A prototype quantum radar that has the potential to detect objects which are invisible to conventional systems has been developed by an international research team led by a quantum information scientist at the University of York.
The new breed of radar is a hybrid system that uses quantum correlation between microwave and optical beams to detect objects of low reflectivity such as cancer cells or aircraft with a stealth capability. Because the quantum radar operates at much lower energies than conventional systems, it has the long-term potential for a range of applications in biomedicine including non-invasive NMR scans.
The research team led by Dr Stefano Pirandola, of the University's Department of Computer Science and the York Centre for Quantum Technologies, found that a special converter -- a double-cavity device that couples the microwave beam to an optical beam using a nano-mechanical oscillator -- was the key to the new system.
The device can either generate microwave-optical entanglement (during the signal emission) or convert a microwave into an optical beam (during the collection of the reflection beams from the object). The research is published in Physical Review Letters.
A conventional radar antenna emits a microwave to scan a region of space. Any target object would reflect the signal to the source but objects of low reflectivity immersed in regions with high background noise are difficult to spot using classical radar systems. In contrast, quantum radars operate more effectively and exploit quantum entanglement to enhance their sensitivity to detect small signal reflections from very noisy regions.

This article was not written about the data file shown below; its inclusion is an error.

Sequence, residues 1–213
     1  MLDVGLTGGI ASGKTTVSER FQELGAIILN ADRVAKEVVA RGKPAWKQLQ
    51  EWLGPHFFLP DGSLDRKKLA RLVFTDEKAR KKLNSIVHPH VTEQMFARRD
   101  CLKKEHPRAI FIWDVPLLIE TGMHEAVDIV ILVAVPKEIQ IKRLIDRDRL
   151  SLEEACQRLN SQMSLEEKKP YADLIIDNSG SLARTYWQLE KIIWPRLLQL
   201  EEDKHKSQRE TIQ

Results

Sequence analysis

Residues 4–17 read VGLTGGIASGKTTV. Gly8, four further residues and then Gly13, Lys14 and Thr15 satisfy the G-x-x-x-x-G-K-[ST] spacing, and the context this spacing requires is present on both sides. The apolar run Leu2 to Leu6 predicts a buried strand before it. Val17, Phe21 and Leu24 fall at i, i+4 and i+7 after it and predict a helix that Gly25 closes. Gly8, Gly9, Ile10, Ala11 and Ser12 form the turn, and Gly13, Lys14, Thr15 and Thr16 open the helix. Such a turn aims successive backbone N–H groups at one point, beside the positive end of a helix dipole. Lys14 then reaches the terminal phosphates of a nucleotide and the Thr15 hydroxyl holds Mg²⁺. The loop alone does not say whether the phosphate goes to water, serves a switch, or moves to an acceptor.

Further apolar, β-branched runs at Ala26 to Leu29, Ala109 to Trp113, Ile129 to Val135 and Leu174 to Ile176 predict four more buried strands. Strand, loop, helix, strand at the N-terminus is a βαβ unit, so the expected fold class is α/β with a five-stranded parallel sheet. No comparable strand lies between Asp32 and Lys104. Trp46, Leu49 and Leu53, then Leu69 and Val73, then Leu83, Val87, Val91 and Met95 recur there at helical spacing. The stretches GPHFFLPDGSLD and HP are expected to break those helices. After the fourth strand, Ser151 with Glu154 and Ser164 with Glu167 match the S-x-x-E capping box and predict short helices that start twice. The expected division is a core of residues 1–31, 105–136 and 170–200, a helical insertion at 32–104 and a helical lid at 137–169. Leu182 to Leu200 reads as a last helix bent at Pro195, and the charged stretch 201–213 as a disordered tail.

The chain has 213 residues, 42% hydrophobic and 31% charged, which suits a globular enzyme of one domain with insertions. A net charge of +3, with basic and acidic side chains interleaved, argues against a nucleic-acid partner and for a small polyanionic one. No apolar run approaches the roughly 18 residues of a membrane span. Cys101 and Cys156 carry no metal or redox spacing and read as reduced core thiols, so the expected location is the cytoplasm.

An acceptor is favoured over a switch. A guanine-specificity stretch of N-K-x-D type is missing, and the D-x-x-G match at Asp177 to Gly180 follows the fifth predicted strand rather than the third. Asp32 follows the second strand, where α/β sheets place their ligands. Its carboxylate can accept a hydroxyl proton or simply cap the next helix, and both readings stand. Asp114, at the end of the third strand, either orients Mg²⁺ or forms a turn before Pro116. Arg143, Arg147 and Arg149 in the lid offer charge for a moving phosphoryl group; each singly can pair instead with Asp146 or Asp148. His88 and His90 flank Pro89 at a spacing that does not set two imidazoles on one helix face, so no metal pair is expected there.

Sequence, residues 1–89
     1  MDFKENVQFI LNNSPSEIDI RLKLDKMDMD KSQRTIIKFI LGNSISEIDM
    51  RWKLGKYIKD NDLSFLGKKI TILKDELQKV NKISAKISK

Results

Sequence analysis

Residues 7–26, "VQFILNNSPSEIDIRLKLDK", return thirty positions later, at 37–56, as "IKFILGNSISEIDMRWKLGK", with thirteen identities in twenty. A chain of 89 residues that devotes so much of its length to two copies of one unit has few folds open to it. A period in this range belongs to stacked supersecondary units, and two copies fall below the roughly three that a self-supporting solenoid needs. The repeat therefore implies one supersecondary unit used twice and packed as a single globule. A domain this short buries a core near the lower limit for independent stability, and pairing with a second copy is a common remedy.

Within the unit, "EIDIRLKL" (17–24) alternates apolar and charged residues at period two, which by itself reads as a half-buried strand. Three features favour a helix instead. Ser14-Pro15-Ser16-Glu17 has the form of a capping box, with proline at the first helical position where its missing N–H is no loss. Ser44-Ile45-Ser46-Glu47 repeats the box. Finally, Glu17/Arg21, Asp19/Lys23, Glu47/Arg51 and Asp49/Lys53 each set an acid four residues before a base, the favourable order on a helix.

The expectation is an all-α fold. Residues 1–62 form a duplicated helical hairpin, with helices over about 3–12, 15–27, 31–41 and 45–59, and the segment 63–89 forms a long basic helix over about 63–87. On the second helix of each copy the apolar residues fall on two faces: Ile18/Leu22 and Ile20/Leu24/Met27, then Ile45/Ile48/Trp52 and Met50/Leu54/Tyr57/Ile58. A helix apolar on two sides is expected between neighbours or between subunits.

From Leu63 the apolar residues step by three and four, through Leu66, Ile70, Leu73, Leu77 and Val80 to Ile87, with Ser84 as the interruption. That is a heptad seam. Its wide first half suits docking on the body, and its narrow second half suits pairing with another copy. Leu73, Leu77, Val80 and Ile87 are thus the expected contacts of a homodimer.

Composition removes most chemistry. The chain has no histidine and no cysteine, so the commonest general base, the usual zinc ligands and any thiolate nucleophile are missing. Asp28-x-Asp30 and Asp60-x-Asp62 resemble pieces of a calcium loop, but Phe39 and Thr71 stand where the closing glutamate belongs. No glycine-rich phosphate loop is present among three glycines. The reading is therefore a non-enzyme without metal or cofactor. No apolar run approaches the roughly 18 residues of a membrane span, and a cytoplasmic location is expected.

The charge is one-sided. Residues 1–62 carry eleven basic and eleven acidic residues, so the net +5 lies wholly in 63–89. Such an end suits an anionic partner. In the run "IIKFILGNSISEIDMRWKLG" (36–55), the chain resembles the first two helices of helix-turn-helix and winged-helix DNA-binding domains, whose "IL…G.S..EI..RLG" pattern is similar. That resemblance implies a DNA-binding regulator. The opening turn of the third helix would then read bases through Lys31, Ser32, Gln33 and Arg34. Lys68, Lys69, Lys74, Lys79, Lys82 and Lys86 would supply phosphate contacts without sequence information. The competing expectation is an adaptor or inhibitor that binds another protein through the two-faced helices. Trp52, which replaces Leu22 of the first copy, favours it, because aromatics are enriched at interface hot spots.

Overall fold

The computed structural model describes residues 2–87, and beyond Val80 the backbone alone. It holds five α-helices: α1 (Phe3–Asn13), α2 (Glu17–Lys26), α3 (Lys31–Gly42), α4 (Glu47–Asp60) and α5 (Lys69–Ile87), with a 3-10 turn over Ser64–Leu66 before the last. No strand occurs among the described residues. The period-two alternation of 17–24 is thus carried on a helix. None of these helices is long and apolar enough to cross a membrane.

"Such a non-invasive property is particularly important for short-range biomedical applications. In the long-term, the scheme could be operated at short distances to detect the presence of defects in biological samples or human tissues in a completely non-invasive fashion, thanks to the use of a low number of quantum-correlated photons.
"Our method could be used to develop non-invasive NMR spectroscopy of fragile proteins and nucleic acids. In medicine, these techniques could potentially be applied to magnetic resonance imaging, with the aim of reducing the radiation dose absorbed by patients."
Dr Pirandola was funded by the Leverhulme Trust and the Engineering and Physical Sciences Research Council.
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